The Petrodollar System
Between the years of 1972 to 1974 the US government completed a series of agreements with Saudi Arabia to create the petrodollar system.
Saudi Arabia was chosen because of its vast petroleum reserves, its dominant influence in OPEC, and the (correct) perception that the Saudi royal family was corruptible.
In essence, the petrodollar system was an agreement that, in exchange for the US guaranteeing the survival of the House of Saud regime by providing a total commitment to its political and security support, Saudi Arabia would:
- Use its dominant influence in OPEC to ensure that all oil transactions would be conducted only in US dollars.
- Invest a large amount of its dollars from oil revenue in US Treasury securities and use the interest payments from those securities to pay US companies to modernize the infrastructure of Saudi Arabia.
- Guarantee the price of oil within limits acceptable to the US and act to prevent another oil embargo by other OPEC members.
The need to use dollars to transact in oil, the world’s most traded and most strategic commodity, provides a very compelling reason for foreign countries to keep dollars in their reserves.
For example, if Italy wants to buy oil from Kuwait, it would have to first purchase US dollars on the foreign exchange market to pay for the oil, thus creating an artificial market for US dollars that would not have otherwise naturally existed.
This demand is artificial, since the US dollar is just a middleman in a transaction that has nothing to do with a US product or service. It ultimately translates into increased purchasing power and a deeper, more liquid market for the US dollar and Treasuries.
Additionally, the US has the unique privilege of not having to use foreign currency but rather using its own currency, which it can print, to purchase its imports, including oil.
The benefits of the petrodollar system to the US dollar are indeed difficult to overstate.
What to Watch For
The geopolitical sands of the Middle East have been rapidly shifting.
The faltering strategic regional position of Saudi Arabia, the rise of Iran (which is notably not part of the petrodollar system), failed US interventions, and the emergence of the BRICS countries providing potential future alternative economic/security arrangements all affect the sustainability of the petrodollar system.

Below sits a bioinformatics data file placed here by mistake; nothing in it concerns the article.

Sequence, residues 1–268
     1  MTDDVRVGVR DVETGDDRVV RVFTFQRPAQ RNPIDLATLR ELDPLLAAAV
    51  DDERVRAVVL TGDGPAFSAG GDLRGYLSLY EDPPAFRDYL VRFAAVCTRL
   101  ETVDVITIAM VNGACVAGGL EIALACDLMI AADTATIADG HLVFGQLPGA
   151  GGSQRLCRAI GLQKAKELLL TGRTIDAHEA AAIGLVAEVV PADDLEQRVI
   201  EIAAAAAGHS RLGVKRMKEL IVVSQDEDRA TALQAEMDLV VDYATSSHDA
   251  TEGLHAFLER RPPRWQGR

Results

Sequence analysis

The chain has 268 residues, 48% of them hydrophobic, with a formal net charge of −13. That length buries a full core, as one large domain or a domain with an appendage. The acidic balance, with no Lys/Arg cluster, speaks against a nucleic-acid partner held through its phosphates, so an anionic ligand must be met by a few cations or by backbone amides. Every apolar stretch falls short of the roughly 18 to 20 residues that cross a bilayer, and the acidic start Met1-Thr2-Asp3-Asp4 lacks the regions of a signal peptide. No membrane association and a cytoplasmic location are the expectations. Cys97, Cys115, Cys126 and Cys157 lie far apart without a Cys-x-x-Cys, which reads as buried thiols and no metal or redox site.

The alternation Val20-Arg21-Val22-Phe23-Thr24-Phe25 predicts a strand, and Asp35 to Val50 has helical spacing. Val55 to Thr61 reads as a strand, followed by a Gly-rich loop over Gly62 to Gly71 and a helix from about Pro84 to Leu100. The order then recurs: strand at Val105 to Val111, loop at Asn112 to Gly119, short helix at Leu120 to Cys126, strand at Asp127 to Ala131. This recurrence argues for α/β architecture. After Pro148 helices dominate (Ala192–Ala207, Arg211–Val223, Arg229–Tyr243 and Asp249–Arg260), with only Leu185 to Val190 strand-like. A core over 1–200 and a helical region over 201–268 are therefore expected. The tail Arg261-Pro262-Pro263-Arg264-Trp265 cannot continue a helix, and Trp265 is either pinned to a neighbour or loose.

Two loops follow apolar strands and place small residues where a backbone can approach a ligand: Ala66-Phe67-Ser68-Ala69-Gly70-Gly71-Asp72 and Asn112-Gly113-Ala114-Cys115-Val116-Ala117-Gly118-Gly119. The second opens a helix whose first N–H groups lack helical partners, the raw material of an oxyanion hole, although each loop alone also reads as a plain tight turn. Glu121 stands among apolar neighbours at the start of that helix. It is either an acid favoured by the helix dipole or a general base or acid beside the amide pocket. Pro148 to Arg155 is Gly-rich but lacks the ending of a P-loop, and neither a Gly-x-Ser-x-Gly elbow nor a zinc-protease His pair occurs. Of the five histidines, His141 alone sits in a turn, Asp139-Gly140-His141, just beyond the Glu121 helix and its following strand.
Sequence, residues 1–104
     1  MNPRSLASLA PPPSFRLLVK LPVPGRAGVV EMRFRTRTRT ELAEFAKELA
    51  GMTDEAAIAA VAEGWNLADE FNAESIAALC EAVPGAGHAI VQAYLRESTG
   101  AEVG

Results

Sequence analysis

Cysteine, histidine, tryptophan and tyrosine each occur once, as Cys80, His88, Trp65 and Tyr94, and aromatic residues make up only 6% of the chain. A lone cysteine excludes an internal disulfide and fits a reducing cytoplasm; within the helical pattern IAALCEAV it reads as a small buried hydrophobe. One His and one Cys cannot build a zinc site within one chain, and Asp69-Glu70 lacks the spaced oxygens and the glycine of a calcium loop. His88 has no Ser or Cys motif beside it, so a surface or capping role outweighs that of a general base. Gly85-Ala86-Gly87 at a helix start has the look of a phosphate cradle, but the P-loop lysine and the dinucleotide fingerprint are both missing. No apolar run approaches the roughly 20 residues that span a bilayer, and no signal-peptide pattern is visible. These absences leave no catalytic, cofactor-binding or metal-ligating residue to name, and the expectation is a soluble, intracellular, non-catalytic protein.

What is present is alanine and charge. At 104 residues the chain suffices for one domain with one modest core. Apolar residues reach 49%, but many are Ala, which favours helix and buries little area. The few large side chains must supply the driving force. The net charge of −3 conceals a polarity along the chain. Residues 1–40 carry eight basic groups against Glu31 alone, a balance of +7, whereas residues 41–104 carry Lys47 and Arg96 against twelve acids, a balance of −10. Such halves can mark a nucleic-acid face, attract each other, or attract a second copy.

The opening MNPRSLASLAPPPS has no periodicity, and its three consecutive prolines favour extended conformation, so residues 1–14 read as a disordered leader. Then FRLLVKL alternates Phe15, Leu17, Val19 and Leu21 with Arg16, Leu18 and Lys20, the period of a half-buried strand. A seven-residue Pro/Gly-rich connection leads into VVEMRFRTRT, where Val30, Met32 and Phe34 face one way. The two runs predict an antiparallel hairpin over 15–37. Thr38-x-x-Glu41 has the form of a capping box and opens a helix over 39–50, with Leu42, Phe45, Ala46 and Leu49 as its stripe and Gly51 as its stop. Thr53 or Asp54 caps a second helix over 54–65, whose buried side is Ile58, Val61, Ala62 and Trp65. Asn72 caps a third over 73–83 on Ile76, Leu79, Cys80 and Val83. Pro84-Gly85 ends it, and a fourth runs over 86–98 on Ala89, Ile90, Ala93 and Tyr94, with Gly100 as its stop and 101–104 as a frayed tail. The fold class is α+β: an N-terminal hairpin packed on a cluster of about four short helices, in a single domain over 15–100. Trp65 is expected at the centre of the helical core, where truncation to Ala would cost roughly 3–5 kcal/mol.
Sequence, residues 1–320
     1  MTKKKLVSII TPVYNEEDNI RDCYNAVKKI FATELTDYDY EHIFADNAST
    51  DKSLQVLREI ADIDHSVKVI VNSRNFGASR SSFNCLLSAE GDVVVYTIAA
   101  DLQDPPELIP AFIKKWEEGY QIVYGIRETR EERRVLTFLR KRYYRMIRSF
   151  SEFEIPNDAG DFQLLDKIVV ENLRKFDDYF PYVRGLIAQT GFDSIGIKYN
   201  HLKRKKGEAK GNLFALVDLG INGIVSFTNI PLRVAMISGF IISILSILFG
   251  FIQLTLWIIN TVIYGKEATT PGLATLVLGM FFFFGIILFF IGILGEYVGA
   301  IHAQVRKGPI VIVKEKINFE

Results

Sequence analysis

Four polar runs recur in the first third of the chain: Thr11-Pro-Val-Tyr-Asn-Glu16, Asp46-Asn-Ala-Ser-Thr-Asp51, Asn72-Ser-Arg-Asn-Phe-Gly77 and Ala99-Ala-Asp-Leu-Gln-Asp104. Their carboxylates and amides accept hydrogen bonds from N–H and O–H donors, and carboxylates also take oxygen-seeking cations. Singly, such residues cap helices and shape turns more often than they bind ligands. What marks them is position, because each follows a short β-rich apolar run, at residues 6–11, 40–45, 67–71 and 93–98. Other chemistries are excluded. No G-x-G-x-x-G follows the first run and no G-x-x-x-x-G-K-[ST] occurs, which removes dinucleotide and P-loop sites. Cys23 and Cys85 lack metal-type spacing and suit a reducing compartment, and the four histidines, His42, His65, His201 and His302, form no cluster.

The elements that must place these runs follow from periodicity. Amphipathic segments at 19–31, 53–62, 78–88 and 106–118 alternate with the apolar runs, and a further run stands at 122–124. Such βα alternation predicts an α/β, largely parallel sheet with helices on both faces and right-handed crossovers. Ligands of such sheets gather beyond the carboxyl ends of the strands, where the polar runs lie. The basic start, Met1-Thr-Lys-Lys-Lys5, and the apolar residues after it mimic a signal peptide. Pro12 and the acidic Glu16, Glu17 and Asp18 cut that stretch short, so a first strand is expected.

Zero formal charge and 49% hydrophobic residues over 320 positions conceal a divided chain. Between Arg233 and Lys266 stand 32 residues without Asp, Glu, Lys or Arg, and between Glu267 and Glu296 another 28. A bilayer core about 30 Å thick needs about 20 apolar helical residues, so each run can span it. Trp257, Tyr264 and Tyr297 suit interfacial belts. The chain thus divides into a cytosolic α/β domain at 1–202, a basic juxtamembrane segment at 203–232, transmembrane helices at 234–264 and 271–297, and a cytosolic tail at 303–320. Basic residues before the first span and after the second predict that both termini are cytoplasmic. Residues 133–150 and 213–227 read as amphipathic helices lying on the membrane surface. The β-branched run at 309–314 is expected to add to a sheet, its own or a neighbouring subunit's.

In particular, you should watch the relationship between the US and Saudi Arabia, which has been deteriorating.
The Saudis are furious at what they perceive to be the US not holding up its part of the petrodollar deal. They believe that as part of the US commitment to keep the region safe for the monarchy, the US should have attacked their regional rivals, Syria and Iran, by now.
This would suggest that they may feel that they are no longer obliged to uphold their part of the deal, namely selling their oil only in US dollars.
The Saudis have even gone so far as to suggest a “major shift” is underway in their relations with the US. To date, though, they have yet to match actions to their words, which suggests it may just be a temper tantrum or a bluff. In any case, it is truly unprecedented language and merits further watching.
A turning point may really be reached when you start hearing US officials expounding on the need to transform the monarchy in Saudi Arabia into a “democracy.” But don’t count on that happening as long as their oil is flowing only for US dollars.
It was evident long before Nixon closed the gold window and ended the Bretton Woods system on August 15, 1971, that a paradigm shift in the global monetary system was inevitable.
Likewise today, a paradigm shift in the global monetary system also seems inevitable. By considering Ron Paul’s words, we will know when the dollar collapse is imminent.
“We will know that day is approaching when oil-producing countries demand gold, or its equivalent, for their oil rather than dollars or euros.”
There is no question that you want to be internationalized before that day arrives, which seems to be getting closer and closer. It is very possible that one day soon, Americans will wake up to a new reality, just as they did on August 15, 1971.
Your goal should be to remove as much political risk from as many aspects of your life as possible so that you are not caught flat-footed when the next August 15, 1971 moment arrives.
International diversification is your ultimate insurance policy to protect you from not just the financial, but also the sociopolitical effects of an economic collapse. Be sure to get the free IM Communiqué to keep up with the latest on how to protect yourself.